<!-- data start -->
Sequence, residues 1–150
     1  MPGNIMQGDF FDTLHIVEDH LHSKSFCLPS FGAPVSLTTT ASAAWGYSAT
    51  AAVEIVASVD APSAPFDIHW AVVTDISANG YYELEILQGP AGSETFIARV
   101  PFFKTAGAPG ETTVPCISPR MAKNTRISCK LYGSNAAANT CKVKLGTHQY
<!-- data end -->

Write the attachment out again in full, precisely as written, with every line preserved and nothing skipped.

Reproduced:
Sequence, residues 1–150
     1  MPGNIMQGDF FDTLHIVEDH LHSKSFCLPS FGAPVSLTTT ASAAWGYSAT
    51  AAVEIVASVD APSAPFDIHW AVVTDISANG YYELEILQGP AGSETFIARV
   101  PFFKTAGAPG ETTVPCISPR MAKNTRISCK LYGSNAAANT CKVKLGTHQY